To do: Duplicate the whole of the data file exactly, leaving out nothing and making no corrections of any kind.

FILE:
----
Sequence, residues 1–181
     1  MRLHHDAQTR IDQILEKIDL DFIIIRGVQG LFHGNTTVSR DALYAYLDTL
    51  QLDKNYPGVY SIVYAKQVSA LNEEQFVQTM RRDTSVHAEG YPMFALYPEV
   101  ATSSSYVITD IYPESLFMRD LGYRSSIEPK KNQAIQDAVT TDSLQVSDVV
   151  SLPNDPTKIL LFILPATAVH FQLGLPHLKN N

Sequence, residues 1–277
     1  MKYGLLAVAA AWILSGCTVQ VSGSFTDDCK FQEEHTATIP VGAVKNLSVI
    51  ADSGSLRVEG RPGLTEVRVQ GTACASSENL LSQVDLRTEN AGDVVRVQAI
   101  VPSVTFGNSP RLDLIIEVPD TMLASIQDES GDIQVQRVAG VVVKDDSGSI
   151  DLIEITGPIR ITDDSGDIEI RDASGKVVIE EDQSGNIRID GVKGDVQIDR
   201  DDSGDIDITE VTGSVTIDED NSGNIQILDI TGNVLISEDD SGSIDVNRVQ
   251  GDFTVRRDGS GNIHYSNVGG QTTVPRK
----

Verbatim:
Sequence, residues 1–181
     1  MRLHHDAQTR IDQILEKIDL DFIIIRGVQG LFHGNTTVSR DALYAYLDTL
    51  QLDKNYPGVY SIVYAKQVSA LNEEQFVQTM RRDTSVHAEG YPMFALYPEV
   101  ATSSSYVITD IYPESLFMRD LGYRSSIEPK KNQAIQDAVT TDSLQVSDVV
   151  SLPNDPTKIL LFILPATAVH FQLGLPHLKN N

Sequence, residues 1–277
     1  MKYGLLAVAA AWILSGCTVQ VSGSFTDDCK FQEEHTATIP VGAVKNLSVI
    51  ADSGSLRVEG RPGLTEVRVQ GTACASSENL LSQVDLRTEN AGDVVRVQAI
   101  VPSVTFGNSP RLDLIIEVPD TMLASIQDES GDIQVQRVAG VVVKDDSGSI
   151  DLIEITGPIR ITDDSGDIEI RDASGKVVIE EDQSGNIRID GVKGDVQIDR
   201  DDSGDIDITE VTGSVTIDED NSGNIQILDI TGNVLISEDD SGSIDVNRVQ
   251  GDFTVRRDGS GNIHYSNVGG QTTVPRK